• MindBogglers workbook ✓
  • Play-doh ✓
  • Microscope ✓
  • Model brains ✓
  • Certificates of completion ✓
  • Pencils and brain toppers ✓
  • LOTS of stickers ✓
  • A real human brain ✓

Earlier this month, 10 CNLM researchers, trunks full of materials, visited a Girl Scout Brownie Troop of Orange County for their bi-weekly meeting. The researchers (undergraduate and graduate students, postdoctoral fellows and research staff from various schools and departments across UC Irvine) are CNLM Ambassadors, a group of more than 40 brain scientists with one thing in common: an infectious passion for brain science and education.

The group, guided by Manuella Yassa, the CNLM’s Director of Outreach and Education, aims to make brain science accessible to all, from pre-schoolers to senior citizens. Programs this year have included visits to K-12 schools, community centers, and non-profit organizations in Orange County as well as tours of CNLM labs for older adults as well as at-risk teens.

Our visit to the Brownie troop was timely, given the Girl Scouts of America’s active interest in fostering exploration in STEM (Science, Technology, Engineering, Math) disciplines. The visit included a Q&A about the field of neuroscience, a real human brain demonstration, and two lab “rotations” – a wet lab and craft lab.

In the wet lab, the girls explored real specimens including brains of various organisms (human, sheep, cow, rat, cat). In the craft lab, the girls made brain models out of play-doh, each lobe in a different color. The Ambassadors guided the children through observation and exploration of the various parts of the brain, comparing the brains of the different organisms and relating the structures to functions.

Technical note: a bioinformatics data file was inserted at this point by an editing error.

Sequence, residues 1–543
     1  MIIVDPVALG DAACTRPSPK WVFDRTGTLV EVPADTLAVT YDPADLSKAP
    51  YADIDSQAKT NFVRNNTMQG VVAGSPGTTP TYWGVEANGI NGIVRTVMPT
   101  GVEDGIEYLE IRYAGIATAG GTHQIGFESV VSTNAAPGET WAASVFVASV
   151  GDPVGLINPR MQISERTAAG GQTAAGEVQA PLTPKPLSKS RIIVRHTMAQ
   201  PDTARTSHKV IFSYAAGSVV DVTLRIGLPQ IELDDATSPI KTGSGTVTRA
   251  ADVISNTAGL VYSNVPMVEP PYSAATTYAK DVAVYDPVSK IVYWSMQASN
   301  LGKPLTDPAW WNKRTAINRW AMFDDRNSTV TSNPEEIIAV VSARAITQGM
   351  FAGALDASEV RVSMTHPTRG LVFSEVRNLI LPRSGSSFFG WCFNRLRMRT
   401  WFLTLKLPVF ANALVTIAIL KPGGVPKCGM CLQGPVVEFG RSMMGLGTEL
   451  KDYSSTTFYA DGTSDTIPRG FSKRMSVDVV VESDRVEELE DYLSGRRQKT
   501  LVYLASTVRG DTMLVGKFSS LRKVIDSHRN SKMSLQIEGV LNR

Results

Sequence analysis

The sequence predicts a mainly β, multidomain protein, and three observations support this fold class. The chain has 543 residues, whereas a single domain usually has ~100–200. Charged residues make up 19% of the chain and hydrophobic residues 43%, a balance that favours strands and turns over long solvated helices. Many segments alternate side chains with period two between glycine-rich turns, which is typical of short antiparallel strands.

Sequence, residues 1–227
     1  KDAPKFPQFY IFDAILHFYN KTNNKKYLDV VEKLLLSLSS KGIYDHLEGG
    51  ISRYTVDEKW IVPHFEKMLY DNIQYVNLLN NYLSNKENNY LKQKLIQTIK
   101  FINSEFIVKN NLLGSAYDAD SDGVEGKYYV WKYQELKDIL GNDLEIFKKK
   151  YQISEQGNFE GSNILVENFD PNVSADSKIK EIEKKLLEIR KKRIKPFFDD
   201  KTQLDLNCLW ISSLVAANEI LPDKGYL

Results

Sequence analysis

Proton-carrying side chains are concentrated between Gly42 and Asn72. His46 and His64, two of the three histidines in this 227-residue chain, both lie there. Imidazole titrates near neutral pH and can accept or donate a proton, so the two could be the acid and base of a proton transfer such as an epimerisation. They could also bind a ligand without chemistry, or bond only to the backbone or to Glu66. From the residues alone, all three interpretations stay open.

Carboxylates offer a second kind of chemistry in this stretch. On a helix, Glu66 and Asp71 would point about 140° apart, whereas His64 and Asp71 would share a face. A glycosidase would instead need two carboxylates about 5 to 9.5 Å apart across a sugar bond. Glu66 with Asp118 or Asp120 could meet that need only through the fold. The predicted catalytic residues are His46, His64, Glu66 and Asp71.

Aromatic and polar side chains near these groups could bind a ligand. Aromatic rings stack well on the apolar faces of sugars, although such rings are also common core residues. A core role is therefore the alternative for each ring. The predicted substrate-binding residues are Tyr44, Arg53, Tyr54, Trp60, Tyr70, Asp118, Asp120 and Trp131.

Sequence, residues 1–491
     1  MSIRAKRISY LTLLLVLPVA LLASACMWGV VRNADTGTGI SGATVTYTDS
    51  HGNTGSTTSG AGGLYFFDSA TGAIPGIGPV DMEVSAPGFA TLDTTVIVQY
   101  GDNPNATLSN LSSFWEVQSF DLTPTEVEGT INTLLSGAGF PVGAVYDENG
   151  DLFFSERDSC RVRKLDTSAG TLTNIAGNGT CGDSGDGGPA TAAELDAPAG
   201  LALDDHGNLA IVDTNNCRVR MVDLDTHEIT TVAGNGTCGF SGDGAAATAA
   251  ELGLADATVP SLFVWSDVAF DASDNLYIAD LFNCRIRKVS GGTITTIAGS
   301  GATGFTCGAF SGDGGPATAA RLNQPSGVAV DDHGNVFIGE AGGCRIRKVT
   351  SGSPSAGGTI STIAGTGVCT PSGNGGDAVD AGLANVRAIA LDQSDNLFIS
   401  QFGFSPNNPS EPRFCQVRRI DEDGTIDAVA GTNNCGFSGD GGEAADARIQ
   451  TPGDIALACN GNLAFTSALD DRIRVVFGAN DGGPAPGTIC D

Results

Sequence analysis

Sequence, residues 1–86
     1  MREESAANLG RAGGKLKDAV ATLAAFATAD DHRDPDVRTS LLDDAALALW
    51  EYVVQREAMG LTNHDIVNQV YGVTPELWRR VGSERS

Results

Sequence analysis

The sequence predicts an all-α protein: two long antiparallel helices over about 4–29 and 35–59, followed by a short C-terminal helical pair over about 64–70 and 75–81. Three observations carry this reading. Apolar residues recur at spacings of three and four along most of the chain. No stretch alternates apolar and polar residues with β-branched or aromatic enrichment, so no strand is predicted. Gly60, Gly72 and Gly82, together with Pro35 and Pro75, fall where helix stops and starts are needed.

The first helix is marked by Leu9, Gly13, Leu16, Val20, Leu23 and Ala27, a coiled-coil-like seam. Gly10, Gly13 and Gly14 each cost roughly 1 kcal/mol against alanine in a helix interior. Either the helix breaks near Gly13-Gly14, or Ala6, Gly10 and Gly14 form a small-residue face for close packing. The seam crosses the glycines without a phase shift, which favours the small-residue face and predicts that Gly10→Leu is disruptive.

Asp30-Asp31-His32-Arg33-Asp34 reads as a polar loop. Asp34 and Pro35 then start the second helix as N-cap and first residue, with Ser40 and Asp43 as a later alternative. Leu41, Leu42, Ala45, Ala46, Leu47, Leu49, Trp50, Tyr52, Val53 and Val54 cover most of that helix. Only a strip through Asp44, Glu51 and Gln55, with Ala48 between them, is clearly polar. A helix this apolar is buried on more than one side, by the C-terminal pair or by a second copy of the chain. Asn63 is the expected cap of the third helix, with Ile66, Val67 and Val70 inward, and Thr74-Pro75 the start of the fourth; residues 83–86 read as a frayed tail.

“This is the olfactory bulb. The olfactory bulb carries information about smell from the nose into the brain so that we can figure out what we are smelling. What do you notice about the olfactory bulb of the human compared to the olfactory bulb of the sheep? Why is it that even though the human brain is much larger than the sheep brain, the olfactory bulb of the sheep is much larger than the olfactory bulb of the human?” 

Rather than looking for correct answers, the CNLM Ambassadors aim to instill a curiosity and wonder about the brain and teach children how to think like scientists – methodically and critically. “The impact begins before the children even interact with the scientists.

“The minute they see the lab coats, the gloves, and the brains, their hearts begin to race. They have already made a memory that will last a lifetime” says Manuella Yassa.

The CNLM has visits scheduled to several schools, community centers, and Girl Scout troops in the coming months and will soon be announcing a brand new program for children ages 8-15, the “UCI Brain Academy”. Follow @ucicnlm on Twitter and Facebook and join our mailing list to stay informed!

Thank you to the Dana Foundation’s Brain Awareness Campaign for their support.